The State irrigation Budget witnessed 320 per cent rise during 2009-10 to 2016-17. This resulted in massive increase in area irrigated through ground and surface water by approximately 1.3 and 1.5 times respectively between 2009 and 2014. Realising the limit on the expansion of irrigation using canal due to paucity of surface water, the Shivraj Government strategically resorted to completion of lining of existing canals rather than increasing the length of canals. This not only ensured seepage of water is checked but also increased the culturable command area under existing canals. Considering the high cost of extracting water with diesel pumps, the Shivraj Government rapidly increased the supply of subsidised electric pumps by 98.8 per cent between 2009 and 2016. The percentage increase in investment in irrigation and expansion of irrigation facilities in such short period was perhaps highest during post-independence period by any State.

Comprehensive focus, investments and execution translates to commendable results. What next? While most State Governments resorted to populist measures like free electricity, the Shivraj regime adopted a contrasting and viable policy of subsidising the electricity infrastructure i.e. electricity connection and agricultural electricity pumps. The Government also provided an assured supply of quality electricity of 10 hours a day at an affordable price. This policy not only expanded the reach of electricity to all types of farmers but also averted over consumption through positive tariff for electricity. One time capex subsidy is more desirable than an indefinite opex subsidy. It is worth mentioning that electricity consumption from agriculture sector increased by around 3 times between 2009 and 2016 and the share of revenue for the State Electricity Board of Madhya Pradesh from sale of electricity to agriculture sector is 25 per cent, the highest among the States.

Apart from better irrigation and electricity facilities, supply of quality seeds increased by approximately 3.5 times between 2009 and 2014, 40,000 villages were provided with spiral graders and seed treating drums at 100 per cent subsidy. Yantradoot scheme, lauded as best practice by NITI Aayog, was launched in 2009-10 for providing small and marginal farmers an access to variety of farm implements at a very nominal rate. Similarly, Mukhya Mantri Khet Tirath Yojana has been formulated to provide exposure to farmers about ongoing modern techniques implemented by farmers of other districts, States and countries.

One of the major achievements of the Shivraj Government is the introduction of transparency in the access of all schemes. It is a tendency of successive Governments in the country to favour applicants who are loyal to the political party to reap electoral benefit. Bringing transparency for availing benefits of various schemes is a very difficult decision for any Government but the Shivraj Government has undertaken a bold step in making online applications mandatory for most schemes which have a cap on number of beneficiaries. Not only are the applications submitted online but the priority is set according to the date of application, ceteris paribus.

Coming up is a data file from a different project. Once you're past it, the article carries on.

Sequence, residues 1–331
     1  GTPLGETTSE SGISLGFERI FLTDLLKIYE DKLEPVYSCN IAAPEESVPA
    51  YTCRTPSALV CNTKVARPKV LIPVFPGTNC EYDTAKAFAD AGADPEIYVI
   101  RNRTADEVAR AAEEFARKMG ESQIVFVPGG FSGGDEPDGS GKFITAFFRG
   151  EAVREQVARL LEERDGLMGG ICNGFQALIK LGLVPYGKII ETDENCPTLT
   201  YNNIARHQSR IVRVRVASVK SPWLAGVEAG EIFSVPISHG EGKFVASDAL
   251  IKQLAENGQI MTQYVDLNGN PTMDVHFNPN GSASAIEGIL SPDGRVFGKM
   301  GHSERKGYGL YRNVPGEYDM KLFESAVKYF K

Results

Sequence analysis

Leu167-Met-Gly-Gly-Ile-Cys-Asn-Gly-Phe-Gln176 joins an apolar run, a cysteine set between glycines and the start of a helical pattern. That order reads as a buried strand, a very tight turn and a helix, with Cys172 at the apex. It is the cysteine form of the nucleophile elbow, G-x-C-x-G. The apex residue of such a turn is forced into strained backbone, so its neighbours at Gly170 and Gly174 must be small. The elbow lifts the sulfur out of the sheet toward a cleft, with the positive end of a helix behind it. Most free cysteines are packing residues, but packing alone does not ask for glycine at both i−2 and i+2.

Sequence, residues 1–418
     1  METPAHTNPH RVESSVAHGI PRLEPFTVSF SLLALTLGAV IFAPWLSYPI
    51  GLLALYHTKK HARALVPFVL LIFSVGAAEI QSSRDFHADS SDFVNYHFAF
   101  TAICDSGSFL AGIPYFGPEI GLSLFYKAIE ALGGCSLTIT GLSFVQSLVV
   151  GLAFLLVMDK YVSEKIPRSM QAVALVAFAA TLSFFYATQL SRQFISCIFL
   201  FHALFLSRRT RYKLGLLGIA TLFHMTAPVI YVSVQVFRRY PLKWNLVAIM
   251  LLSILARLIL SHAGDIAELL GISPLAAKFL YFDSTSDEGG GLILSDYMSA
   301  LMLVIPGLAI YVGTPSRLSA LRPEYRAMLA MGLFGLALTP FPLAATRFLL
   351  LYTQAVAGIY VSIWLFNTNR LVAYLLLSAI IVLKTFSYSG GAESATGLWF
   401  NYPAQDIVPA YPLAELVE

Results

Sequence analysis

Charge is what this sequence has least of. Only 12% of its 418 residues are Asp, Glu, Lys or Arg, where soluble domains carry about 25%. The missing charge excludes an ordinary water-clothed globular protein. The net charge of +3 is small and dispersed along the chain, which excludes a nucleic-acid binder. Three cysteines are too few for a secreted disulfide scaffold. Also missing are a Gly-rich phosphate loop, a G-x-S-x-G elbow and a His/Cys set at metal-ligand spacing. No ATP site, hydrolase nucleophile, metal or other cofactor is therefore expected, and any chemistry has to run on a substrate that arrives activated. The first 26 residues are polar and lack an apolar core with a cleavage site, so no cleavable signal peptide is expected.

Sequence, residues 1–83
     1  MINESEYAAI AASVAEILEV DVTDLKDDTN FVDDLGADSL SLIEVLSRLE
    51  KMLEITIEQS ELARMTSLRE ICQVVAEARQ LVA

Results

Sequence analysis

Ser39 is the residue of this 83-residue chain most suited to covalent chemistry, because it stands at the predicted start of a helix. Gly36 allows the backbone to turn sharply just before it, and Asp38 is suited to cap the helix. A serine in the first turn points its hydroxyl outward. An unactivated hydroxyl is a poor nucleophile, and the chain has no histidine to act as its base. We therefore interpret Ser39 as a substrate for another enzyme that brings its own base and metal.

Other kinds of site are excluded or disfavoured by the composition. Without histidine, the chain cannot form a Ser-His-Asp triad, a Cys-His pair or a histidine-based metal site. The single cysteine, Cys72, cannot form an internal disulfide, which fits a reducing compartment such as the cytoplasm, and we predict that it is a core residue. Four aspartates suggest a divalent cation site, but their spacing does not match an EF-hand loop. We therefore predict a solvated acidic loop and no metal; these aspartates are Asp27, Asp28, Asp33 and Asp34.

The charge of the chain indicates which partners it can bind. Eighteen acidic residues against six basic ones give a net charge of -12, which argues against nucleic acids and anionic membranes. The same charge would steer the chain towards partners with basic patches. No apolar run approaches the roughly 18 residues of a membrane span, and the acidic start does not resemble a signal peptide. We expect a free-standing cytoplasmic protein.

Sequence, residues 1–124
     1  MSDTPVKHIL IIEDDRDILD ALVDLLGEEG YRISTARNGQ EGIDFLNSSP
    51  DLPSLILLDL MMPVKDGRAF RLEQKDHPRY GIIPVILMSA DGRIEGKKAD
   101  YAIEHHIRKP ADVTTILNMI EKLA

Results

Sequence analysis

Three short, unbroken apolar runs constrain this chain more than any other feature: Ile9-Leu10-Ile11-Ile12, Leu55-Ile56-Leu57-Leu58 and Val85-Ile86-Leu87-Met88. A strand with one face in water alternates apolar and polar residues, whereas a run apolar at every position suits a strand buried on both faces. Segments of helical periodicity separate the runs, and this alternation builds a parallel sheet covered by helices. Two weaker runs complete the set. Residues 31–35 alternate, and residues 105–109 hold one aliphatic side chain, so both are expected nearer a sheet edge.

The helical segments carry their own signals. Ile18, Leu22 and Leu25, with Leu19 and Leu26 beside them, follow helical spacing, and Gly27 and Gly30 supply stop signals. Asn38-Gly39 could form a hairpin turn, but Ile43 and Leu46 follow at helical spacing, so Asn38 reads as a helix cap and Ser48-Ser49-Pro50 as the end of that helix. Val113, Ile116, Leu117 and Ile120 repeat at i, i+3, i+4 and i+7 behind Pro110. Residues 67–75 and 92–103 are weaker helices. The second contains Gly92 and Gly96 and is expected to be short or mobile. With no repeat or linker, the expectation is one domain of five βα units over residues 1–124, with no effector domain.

Every scheme of the Government not only gives priority/reservation to SC/ST/female farmers but also provides additional benefit to them. The Shivraj Government, the pioneer in many sectoral policies and initiatives, has displayed the intent, by introducing a Bill in the MP Assembly to address the plight of tenant farmers who have been unable to access any type of compensation and benefits due to lack of possession of legal tenancy agreement.

 

What led to this agitation?

Despite the poor condition of agriculture in MP prevailing before 2009, the State has since registered the highest agriculture growth rate in India. Undoubtedly there are unresolved and un-addressed farmers’ issues in MP and rest of India i.e. limited coverage of PMFBY, lack of MSP for all major crops, distant procurement centers, no permissibility of access to benefits by tenant farmers, etc.

The video footage of agitation depicts some Opposition leaders inciting the gathering to go on rampage. This compels us to believe that the agitation may have been politically motivated. Moreover, the Indian Express report on June 9, 2017 reveals that none of the five deceased persons have any land registered in their name.

Undoubtedly some farmers were involved in the agitation since every political party has an associated farmers’ organisation which is bound to obey the diktat of their party chief. But the most painful aspect was wrongly attributing unfounded factors like crash in prices of garlic, tur and onion as well as cash crunch to demonetisation leading to the agitation. Interestingly the combined share of gross cropped area of these three crops is less than 4 per cent. Similarly, holding cash crunch responsible for agitation is unfounded since almost equal amount of demonetised currency has already come back into the economy. Likewise, bumper production reflects unaffected sowing activity. Certainly, the farmers’ problems shouldn’t be trivialised while commendable achievements shouldn’t go unnoticed.

 

(Anish Gupta holds PhD in agrarian issues and teaches Economics at Delhi University. Sandeep Vempati pursued MSc. Mathematical Trading and Finance from Cass Business School, London, with specialisation in Agriculture Futures and Commodities. They can be reached at pioneer.article@gmail.com)